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 Response Page - Allen / Olson  Interview -      

These comments are responses to the questions listed below,
which were generated in regard to the
Clyde Allen / David Olson Interview of 04-23-10

The Questions:

1. _4.3 average response_____ that the U of M and MnSCU are effectively responding to the above-mentioned forces. 

2. _7.7 average response_____ that it is urgent for the U of M and MnSCU boards to meet together periodically and coordinate their responses to these forces.

3. _9.2 average response_____  that a new U of M president and a new MnSCU chancellor each should possess demonstrated leadership ability to respond to such forces.  

4.  _4.4 average response_____  that one board should be responsible for two-year public post-secondary institutions in Minnesota and another board for four-year and graduate level institutions.

5.  _4.4 average response_____ that all public post-secondary institutions in Minnesota should be under one board.

6.  Comments? __________________________________________________ 

Kent Eklund (5) (9) (9) (3) (5)

The amount of work to pull off the alternative futures depicted in #4 and #5 above could divert attention from the real challenges.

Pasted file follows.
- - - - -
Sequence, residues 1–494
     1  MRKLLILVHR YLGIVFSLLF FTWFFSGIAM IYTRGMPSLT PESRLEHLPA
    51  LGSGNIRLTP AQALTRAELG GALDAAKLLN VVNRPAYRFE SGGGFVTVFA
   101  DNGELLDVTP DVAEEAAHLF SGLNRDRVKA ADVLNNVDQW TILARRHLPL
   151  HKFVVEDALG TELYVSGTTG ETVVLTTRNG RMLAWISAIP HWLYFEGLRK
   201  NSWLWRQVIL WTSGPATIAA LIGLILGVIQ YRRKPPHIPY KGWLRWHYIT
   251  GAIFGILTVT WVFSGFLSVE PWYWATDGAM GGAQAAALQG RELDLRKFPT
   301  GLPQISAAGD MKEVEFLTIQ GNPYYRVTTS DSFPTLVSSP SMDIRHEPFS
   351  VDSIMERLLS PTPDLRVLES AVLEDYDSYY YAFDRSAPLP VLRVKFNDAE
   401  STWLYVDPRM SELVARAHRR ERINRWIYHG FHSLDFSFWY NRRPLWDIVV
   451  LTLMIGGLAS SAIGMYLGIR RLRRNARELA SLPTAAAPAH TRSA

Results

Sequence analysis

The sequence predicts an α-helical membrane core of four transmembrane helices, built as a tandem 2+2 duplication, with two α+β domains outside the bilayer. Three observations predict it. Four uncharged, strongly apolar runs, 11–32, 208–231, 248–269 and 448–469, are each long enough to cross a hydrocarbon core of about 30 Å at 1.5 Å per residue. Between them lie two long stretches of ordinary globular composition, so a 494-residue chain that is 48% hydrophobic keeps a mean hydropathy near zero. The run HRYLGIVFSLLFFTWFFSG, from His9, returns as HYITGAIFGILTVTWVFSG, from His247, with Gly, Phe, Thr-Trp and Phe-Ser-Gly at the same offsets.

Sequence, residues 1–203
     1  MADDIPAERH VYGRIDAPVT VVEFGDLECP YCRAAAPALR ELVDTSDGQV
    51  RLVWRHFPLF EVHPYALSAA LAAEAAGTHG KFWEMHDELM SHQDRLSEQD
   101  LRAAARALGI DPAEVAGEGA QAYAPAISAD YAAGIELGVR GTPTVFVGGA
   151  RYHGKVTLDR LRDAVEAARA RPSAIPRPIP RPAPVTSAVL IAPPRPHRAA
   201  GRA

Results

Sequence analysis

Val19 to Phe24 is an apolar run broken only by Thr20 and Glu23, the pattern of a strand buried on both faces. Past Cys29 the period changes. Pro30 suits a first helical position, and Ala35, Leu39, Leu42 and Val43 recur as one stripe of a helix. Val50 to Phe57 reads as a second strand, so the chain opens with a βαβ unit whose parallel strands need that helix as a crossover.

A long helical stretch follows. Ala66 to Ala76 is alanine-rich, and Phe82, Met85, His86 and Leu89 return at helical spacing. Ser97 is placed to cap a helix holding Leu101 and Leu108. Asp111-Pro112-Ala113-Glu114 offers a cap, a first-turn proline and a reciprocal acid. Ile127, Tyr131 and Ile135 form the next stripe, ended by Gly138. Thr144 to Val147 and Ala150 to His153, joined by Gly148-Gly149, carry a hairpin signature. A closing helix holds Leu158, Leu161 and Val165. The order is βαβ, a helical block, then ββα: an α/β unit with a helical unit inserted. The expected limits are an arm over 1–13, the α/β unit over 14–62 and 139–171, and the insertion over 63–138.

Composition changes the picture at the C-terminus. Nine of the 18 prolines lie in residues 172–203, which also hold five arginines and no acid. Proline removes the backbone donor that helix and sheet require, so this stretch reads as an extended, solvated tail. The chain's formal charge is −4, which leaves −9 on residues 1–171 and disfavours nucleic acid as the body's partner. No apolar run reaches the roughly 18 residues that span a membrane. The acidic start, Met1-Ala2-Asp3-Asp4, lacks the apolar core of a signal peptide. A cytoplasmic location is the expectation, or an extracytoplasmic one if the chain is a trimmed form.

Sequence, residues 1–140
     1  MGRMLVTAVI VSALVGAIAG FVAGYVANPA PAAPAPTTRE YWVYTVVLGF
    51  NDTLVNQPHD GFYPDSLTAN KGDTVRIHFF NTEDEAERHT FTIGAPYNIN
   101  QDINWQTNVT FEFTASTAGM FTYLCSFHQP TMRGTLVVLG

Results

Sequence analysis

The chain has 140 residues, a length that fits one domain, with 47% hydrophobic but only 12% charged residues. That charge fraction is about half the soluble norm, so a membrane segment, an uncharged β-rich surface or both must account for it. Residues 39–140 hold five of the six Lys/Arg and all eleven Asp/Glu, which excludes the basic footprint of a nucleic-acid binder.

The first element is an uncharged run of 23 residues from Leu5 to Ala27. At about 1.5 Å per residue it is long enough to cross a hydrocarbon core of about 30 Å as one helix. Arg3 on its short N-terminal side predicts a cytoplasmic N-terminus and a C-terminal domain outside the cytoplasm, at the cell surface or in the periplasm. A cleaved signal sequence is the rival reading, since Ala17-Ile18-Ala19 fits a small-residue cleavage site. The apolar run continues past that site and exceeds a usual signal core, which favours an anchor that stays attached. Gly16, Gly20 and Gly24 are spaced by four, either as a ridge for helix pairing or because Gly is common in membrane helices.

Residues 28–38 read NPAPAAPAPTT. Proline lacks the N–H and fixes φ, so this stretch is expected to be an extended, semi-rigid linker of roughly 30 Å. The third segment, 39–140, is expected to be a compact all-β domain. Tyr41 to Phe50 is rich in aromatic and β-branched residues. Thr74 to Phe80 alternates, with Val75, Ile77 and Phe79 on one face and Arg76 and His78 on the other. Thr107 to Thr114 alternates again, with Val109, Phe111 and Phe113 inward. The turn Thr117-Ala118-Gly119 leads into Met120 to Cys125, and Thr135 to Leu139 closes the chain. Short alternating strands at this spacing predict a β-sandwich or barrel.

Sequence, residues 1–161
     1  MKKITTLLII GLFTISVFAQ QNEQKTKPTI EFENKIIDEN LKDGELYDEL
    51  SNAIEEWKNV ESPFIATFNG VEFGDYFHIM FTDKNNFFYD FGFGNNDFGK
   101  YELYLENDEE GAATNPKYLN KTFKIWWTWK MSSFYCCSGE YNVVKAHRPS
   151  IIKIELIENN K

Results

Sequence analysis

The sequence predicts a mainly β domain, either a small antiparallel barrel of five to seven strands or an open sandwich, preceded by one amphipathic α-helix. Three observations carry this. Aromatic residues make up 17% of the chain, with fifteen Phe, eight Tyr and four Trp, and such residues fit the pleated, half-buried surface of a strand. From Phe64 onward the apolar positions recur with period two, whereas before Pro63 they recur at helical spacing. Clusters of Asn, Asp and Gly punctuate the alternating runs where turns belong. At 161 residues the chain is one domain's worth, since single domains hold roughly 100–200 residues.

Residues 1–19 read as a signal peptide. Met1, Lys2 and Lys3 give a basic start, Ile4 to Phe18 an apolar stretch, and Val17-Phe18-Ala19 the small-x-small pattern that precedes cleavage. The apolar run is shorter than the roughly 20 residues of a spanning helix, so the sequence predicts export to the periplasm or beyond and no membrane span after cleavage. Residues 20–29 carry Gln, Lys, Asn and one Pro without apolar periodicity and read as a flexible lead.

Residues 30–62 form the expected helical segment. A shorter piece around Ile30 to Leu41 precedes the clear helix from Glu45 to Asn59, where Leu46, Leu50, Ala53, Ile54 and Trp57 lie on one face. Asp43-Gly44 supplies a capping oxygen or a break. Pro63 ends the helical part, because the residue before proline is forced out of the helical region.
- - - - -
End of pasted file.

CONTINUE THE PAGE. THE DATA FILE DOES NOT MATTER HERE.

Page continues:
C. M. Denny, Jr. (0) (10) (10) (0) (10)

With their costs rising at twice the rate of the CPI, both systems are operating under a business model that can not be sustained.  

Arvonne Fraser (5) (6) (8) (7) (0)

I agree the selection of the new leadership of both institutions is a huge challenge.  However, what was overlooked in this session was the needs of the students, state and nation.  The recognition of those needs will be a critical factor in choosing new leadership.  We--the state and nation--need a well-educated workforce and that now requires a critical mass of individuals educated beyond high-school.  The responsibility for creating that workforce is a public responsibility, not simply a private and personal one.  Agreement with that last sentence should the prime question for any candidate for either office in question and the search committee should know that.